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An online tool developed by researchers and physicians at Dana-Farber Cancer Institute can accurately and rapidly identify people who should undergo testing for inherited genetic changes that raise the risk of developing certain cancers, a new study shows.

The tool, known as PREMMplus, assesses whether an individual is likely to carry an inherited (or germline) change in nearly 20 genes linked to cancer. People with a high probability score could then receive genetic testing to determine if they harbor such changes and could benefit from measures to prevent the cancer or detect it at the earliest possible stage.

The tool fills a clear need at a time when the field of cancer genetic risk and genetic counseling is undergoing rapid change, say the authors of the study, published online today in the Journal of Clinical Oncology.

“Today, we know of many more inherited genetic variations associated with cancer than we knew of just 10 years ago, and it’s now standard practice at many cancer centers to test patients and family members for these variations,” says the senior author of the new study, prozac therapy Sapna Syngal, MD, MPH, of Dana-Farber and Brigham and Women’s Hospital. “It has become increasingly complex to determine which individuals warrant germline testing. At the same time, genetic counselors—who traditionally meet with people prior to testing—are in short supply.”

PREMMplus asks users questions about their age, sex, ethnicity, and personal and family history of 18 cancers. It then calculates the probability that the person carries an inherited mutation in any of 19 genes associated with those cancers. The researchers recommend that people whose probability is 2.5% or greater be referred for testing to verify if they have that mutation.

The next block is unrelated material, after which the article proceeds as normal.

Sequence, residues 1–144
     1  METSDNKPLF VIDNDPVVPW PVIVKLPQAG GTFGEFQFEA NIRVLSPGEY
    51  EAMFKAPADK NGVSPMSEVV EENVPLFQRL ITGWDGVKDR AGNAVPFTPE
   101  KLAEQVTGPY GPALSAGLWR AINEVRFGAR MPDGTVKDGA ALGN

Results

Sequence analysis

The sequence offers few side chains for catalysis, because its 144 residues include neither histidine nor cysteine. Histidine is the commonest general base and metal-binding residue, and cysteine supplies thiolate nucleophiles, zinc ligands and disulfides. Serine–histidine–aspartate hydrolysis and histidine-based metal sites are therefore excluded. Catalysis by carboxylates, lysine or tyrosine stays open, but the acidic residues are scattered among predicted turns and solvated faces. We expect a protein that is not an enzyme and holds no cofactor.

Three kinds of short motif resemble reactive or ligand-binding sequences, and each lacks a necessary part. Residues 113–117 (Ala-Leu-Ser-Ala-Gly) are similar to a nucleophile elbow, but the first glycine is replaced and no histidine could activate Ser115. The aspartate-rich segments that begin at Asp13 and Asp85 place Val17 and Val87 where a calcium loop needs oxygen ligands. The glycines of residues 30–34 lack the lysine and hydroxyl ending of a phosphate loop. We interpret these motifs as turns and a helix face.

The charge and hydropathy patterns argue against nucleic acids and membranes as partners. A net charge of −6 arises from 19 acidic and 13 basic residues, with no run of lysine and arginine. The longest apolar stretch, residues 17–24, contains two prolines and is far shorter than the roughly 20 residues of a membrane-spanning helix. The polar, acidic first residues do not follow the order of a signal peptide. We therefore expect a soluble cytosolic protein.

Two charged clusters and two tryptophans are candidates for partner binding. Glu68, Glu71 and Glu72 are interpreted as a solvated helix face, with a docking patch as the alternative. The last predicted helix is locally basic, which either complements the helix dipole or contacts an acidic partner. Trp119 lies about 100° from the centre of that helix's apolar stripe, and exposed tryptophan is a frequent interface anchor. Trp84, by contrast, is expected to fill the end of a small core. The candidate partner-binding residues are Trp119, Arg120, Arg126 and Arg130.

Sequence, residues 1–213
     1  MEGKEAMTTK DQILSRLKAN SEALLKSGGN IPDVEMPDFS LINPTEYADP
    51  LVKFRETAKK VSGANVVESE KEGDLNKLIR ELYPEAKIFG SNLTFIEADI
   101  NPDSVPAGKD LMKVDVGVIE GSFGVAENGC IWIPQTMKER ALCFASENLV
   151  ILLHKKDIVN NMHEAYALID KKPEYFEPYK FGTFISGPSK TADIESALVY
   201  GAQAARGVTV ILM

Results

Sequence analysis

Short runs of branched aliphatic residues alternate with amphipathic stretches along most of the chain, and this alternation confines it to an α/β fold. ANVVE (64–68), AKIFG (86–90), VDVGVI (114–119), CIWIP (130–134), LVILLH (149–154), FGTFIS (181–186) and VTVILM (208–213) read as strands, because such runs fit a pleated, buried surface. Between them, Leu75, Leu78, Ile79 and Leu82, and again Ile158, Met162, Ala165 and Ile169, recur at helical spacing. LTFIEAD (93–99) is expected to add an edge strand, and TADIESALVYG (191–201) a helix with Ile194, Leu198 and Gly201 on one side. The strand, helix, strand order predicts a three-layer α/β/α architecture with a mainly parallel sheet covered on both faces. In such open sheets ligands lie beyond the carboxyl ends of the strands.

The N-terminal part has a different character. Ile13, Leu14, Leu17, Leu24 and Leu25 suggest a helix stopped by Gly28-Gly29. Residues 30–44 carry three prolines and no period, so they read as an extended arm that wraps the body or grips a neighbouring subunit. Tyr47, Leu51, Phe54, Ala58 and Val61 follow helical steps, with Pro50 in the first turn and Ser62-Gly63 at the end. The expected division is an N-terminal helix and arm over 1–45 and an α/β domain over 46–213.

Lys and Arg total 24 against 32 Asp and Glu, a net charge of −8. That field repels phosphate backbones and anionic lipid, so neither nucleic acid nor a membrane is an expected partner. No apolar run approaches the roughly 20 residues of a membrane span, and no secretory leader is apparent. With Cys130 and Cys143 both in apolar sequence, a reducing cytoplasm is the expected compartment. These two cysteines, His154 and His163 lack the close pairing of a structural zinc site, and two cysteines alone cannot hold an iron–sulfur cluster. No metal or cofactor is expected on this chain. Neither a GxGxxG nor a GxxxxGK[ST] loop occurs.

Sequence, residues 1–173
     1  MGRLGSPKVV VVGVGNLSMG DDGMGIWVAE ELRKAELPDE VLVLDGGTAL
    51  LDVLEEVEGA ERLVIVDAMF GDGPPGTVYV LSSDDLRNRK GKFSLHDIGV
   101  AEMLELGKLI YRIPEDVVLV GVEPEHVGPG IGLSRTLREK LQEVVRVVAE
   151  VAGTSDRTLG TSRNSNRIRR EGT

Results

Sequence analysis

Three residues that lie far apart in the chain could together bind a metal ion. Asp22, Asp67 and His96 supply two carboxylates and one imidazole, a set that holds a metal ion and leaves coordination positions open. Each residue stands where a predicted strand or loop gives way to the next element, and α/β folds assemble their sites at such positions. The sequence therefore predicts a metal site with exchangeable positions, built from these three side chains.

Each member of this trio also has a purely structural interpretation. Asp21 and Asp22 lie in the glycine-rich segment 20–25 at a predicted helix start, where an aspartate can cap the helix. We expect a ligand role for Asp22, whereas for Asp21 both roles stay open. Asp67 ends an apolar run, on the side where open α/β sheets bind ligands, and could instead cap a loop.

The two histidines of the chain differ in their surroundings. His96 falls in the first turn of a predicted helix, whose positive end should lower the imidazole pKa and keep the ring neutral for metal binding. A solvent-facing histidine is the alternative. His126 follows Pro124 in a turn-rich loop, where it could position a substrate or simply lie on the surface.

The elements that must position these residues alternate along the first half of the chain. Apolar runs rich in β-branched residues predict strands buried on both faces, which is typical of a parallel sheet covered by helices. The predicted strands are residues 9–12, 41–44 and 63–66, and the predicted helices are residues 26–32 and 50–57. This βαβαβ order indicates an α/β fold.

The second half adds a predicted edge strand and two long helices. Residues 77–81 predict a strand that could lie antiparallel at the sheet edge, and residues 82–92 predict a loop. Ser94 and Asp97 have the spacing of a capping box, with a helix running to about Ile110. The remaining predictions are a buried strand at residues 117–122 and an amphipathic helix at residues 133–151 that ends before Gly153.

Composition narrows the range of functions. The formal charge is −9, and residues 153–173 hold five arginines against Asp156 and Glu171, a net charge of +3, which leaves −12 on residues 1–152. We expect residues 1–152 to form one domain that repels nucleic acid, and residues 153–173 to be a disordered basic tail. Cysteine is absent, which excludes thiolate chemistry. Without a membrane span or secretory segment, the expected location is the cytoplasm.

The PREMMplus model was developed using data from 7,280 adults who underwent testing for hereditary cancer risk at Dana-Farber’s Genetics Program over a 15-year period. Genetic counselors interviewed each of the participants, collecting personal data and detailed family histories of cancer occurrences. By correlating the genetic testing results with information gathered by counselors, Dana-Farber data scientists produced an algorithm for predicting the likelihood that an individual has an inherited mutation in any of the 19 cancer-related genes.

The current study tested the predictive power of PREMMplus in more than 30,000 people who had undergone germline testing for multiple cancer-susceptibility genes at Dana-Farber and California-based Ambry Genetics. Researchers found it had high sensitivity: the vast majority of users predicted to have a specific germline change actually did have that change, as shown by genetic testing. Likewise, it had a high negative-predictive value: when users were predicted not to have specific germline changes, genetic testing found that they did not, in fact, have them.

“Our findings show that PREMMplus has the potential to change the model by which patients and family members are referred for genetic testing and counseling,” Syngal remarks. “Traditionally, if a physician or patient is concerned about a family history of cancer, the patient is referred to a genetics clinic, where a counselor takes a complete family history. PREMMplus can be directly embedded in a patient’s electronic medical record, and patients could fill out the questionnaire themselves. Based on the result, health-care providers can then determine who should receive genetic testing.

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